out of Five
Running time: 75
The Devil Inside has the occasional creepy moment but it's let down by a patchy script and some uneven performances, while the found footage conceit doesn't add anything beyond an excuse to bring the film to an abrupt end.
What's it all about?
Directed by William Brent Bell, The Devil Inside opens with some grainy video footage of an American murder case from 1989, where Maria Rossi (Suzan Crowley) apparently killed three people and was subsequently institutionalised in Italy. Twenty years later, her daughter Isabella (Fernanda Andrade) decides to investigate what happened to her mother, so she hires documentary filmmaker Michael (Ionut Grama) to record her findings and travels to Rome, hoping to be allowed to visit her.
When she visits the Centrino Hospital for the Criminally Insane, Isabella is shocked by her mother's mental state, though the doctors refuse to admit that she's possessed. After befriending two young exorcists (Simon Quartermain as Father Ben and Evan Helmuth as Father David) and witnessing them in action, Isabella decides to allow them to perform an unorthodox exorcism on Maria, but things don't go exactly as planned.
Fernanda Andrade has an appealing screen presence as Isabella, but she's poorly served by the script, which fails to explore her character and requires her to make a series of wrong-headed decisions that go unexplained, such as exactly why she needs a documentary filmmaker in the first place. Similarly, Helmuth is good as troubled Father David, but Quartermain fails to convince in his shouty scenes, Grama does so little that he barely registers as a character (he's badly underwritten) and Crowley's possession sequences fail to convince.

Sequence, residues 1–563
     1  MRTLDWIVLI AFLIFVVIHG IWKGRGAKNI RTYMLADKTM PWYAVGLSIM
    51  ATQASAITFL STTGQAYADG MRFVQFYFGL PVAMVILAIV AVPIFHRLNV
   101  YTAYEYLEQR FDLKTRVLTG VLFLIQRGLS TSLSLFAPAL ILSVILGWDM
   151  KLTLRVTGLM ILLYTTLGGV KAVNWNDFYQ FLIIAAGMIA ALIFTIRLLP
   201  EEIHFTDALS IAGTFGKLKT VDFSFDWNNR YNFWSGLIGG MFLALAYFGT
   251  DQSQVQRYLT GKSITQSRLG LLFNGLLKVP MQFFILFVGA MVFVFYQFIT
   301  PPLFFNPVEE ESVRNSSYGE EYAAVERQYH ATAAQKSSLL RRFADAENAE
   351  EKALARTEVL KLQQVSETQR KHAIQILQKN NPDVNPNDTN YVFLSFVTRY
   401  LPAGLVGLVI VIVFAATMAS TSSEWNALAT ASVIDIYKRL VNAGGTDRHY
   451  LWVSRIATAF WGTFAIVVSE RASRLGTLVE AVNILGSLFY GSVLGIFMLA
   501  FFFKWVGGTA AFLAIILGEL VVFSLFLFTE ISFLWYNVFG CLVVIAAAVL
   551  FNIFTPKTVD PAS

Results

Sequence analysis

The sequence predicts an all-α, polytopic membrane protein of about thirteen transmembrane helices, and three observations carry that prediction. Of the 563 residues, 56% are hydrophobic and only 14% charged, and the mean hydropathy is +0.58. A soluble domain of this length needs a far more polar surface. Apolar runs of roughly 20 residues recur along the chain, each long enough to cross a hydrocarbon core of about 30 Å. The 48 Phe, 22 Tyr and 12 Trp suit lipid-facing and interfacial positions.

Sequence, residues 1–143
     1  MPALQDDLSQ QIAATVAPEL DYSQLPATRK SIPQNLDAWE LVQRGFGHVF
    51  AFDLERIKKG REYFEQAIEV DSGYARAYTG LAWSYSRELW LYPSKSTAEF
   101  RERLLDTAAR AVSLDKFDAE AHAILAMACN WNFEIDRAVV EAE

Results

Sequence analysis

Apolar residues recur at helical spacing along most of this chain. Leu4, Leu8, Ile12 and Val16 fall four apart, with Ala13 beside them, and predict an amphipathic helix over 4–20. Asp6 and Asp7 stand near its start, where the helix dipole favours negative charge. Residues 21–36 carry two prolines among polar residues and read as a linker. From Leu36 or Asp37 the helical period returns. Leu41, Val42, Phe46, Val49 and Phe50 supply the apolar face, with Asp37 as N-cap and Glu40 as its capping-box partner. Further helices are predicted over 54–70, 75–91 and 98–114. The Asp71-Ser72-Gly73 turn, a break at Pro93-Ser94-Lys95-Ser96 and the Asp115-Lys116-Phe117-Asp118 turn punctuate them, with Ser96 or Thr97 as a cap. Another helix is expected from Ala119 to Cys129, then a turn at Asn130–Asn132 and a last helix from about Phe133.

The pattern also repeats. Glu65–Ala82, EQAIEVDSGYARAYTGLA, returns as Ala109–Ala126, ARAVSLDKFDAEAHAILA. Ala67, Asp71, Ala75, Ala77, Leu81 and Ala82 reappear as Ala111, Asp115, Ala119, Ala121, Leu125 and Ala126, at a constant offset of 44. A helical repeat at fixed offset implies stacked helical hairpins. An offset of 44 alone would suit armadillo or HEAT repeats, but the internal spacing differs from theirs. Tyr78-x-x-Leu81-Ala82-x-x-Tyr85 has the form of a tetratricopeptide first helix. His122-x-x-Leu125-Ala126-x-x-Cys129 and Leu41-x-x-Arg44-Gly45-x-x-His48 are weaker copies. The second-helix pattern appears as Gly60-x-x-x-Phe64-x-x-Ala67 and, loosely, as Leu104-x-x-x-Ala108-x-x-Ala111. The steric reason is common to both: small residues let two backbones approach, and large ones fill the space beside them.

To be fair, the film does have a handful of creepy moments and a smattering of gory details but all its best ideas are stolen from other, better exorcism movies (the documentary set-up from The Last Exorcism, the contorted bodies from The Exorcism of Emily Rose and so on). That said, it does have perhaps cinema's only “exorcism on the back seat of a car” sequence, so at least there's that.
The main problem is that the found footage conceit doesn't add anything beyond an excuse for an abrupt ending; in fact, the ending is so sudden (and the film itself so short) that you wonder whether the production simply ran out of money. On top of everything else, the dialogue occasionally feels forced (a problem for a film purporting to be a documentary) and the plot is frequently confusing – for example, much is made about Maria being possessed by four demons, but the script fails to actually do anything with that idea.
While not exactly unwatchable, The Devil Inside fails to get under your skin and there's nothing here that hasn't been done better elsewhere.